Teachers in our society

My first post about culture had to do with education. One of the most important topics I think needs to be discussed in a society is education. Teachers in our society do not hold the place that they should, they should be one of the most respected better paid jobs in our society but they are not.

I had the chance to grow up in a different country and actually be in their educational system. I pointed some of the differences in a past article if you care to read. In Colombia teachers have a lot more respect than they do here in the United States, but they are still underpaid and not as taken care of as they should be.

To me teachers are the fundamental pillars of our society; they shape what becomes of the future by educating our children. The teachers that we have encountered in our lives have already shaped who we are. Our society sometimes really ignores that little fact about teachers. Our kids spend most of their forming years with teachers and not the parents, especially if both parents work and are not able to dedicate time to their children education. They shape their minds and we need to be thankful for that. Also we need to be involved and make sure that our kids are getting everything they need to become productive members of society.

One of the sayings that really irritates me is; “Those that cannot do, teach.” Or the other variation of it, “Coach.” It really bothers me that in a society like ours there is not a more respectful way to look at teachers. I am not saying this is the norm, but that a saying like this one even exists shows the lack of respect for the profession.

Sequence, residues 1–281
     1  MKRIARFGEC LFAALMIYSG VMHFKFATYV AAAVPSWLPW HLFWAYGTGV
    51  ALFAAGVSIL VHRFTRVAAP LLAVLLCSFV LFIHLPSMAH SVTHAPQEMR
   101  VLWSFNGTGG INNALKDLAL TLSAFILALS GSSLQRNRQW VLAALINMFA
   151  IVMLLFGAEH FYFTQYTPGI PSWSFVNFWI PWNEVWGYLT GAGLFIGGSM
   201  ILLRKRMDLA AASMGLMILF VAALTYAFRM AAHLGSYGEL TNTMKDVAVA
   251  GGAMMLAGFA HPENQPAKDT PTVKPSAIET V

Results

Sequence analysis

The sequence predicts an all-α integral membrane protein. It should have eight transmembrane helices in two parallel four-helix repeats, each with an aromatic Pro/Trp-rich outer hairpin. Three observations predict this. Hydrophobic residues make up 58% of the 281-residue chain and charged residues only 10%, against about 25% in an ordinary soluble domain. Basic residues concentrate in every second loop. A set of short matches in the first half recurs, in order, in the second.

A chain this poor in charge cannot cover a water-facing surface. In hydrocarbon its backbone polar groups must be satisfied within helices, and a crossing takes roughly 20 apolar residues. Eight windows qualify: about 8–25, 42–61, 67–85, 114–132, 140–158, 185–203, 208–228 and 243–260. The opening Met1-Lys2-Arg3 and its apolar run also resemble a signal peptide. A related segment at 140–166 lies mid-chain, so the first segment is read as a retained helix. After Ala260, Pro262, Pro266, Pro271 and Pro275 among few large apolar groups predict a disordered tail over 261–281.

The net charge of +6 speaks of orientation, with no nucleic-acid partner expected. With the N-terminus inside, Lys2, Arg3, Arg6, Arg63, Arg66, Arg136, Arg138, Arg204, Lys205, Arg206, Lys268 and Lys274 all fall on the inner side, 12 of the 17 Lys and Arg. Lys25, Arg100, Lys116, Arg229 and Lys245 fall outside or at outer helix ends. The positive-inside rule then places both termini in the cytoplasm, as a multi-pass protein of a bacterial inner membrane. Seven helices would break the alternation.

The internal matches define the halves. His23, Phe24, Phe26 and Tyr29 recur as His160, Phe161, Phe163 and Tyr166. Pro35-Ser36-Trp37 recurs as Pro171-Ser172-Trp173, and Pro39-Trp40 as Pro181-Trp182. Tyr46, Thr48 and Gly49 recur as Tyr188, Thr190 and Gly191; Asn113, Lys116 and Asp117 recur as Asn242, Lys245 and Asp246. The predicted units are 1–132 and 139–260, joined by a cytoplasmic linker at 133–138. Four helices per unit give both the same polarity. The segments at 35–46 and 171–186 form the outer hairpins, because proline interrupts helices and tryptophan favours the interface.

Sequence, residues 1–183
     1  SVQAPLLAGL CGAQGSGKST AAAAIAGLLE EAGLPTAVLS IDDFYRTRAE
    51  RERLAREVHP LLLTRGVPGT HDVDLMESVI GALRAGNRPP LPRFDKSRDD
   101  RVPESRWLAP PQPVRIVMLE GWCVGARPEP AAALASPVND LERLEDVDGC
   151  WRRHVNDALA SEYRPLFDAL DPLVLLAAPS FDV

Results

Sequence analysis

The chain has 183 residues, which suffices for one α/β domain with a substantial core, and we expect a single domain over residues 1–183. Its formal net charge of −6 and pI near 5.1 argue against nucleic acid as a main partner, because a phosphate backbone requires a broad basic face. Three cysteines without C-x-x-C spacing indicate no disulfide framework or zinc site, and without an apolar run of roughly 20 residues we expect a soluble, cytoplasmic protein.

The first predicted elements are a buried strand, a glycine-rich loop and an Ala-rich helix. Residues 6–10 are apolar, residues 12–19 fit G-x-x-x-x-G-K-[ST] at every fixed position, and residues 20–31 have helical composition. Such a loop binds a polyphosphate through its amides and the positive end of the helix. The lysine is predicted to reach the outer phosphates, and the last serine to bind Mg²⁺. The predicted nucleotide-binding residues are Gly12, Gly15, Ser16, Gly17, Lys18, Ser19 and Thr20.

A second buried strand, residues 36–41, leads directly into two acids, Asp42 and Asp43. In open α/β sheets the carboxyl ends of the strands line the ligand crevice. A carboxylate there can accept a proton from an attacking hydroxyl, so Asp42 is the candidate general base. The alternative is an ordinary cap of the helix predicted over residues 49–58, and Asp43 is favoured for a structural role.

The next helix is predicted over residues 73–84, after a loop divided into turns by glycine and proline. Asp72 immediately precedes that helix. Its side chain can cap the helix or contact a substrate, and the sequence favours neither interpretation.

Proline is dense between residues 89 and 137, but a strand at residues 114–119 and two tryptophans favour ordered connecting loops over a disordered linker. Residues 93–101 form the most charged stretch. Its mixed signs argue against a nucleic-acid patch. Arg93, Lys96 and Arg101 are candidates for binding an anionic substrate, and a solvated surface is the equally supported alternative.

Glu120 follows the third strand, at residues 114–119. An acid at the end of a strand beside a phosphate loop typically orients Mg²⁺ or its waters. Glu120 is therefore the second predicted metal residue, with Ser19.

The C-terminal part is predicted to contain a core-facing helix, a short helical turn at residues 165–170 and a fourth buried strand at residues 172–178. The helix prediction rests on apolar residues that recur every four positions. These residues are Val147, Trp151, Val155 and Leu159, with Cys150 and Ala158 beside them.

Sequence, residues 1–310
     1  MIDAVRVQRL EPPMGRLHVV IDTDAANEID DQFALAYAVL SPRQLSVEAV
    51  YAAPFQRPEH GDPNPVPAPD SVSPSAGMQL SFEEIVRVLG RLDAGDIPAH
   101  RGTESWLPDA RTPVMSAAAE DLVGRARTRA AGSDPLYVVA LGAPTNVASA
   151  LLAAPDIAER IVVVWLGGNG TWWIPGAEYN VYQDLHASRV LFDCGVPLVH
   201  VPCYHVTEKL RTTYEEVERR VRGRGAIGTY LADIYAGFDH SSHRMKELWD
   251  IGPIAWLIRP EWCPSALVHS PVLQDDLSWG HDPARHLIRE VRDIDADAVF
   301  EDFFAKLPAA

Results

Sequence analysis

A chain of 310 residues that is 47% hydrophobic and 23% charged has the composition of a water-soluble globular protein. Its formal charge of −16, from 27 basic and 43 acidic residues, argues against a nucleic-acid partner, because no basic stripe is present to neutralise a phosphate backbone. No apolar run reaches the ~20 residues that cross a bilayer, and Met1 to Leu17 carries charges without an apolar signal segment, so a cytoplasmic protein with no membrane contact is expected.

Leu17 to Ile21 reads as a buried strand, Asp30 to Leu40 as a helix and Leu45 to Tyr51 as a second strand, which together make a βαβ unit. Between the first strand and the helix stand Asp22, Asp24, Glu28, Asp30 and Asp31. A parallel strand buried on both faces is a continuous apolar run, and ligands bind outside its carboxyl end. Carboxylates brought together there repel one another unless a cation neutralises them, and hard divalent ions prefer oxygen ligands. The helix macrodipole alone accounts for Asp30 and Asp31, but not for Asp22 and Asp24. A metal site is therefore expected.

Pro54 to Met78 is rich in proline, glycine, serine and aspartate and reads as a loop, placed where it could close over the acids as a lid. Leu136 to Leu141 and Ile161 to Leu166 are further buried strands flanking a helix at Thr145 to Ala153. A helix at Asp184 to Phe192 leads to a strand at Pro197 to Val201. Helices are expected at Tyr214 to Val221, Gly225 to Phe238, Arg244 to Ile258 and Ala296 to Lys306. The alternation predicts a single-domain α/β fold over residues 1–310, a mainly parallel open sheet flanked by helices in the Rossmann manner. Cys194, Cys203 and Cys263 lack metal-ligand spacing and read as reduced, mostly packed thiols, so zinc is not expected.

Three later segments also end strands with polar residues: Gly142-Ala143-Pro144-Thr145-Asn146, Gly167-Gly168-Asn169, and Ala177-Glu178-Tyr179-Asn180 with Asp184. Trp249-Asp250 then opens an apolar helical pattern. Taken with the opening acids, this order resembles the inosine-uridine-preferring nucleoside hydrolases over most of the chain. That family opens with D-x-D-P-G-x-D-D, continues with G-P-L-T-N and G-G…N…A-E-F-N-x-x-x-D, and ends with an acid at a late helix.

The last thing that I will mention on my list of things that I think are unfair towards teachers is their salary. For the most part in the public school systems teachers are paid so little that someone with the aptitude to be a teacher might not become one just because they desire a higher standard of living. This could also be a positive because I guess a lot of the people that do teach do it because it is their vocation and not a goldmine.

Still I think that teachers need to be more appreciated, respected and remunerated in our society. I know many of my teachers made a positive impact in my life making me the person that I am now. My love for reading, my almost legible handwriting, and my appreciation of classical music are just some examples that can all be attributed to great teachers that left a mark in my hearth beyond just the subject they were teaching. I would like to thank them for all their efforts.

Dogs in our society

I have wanted to write about this for quite some time. As most of you know, I am an animal lover. When I was young I wanted to become a Marine Biologist. Somewhere along the way I changed the gears to computers and the rest is history. As a kid I had ant farms and just loved to interact with the animal kingdom. I am telling you all of this just to give you a background of where this post is coming from. Read more…

Friday the 13th

Superstition is something I grew up with. My culture is a very superstitious one and there are tons of them. First you have all the mainstream ones, ladders, black cats, the works. But then there are some that maybe people in the US never heard of. I also read an article this week about one of the softball players in the US Olympic team, and how she has a ritual that she follows every game, ah and the whole haircut thing with some football player. (bonus for the sport fans who is it, he got injured after he cut his hair last season).

Webster definition of superstition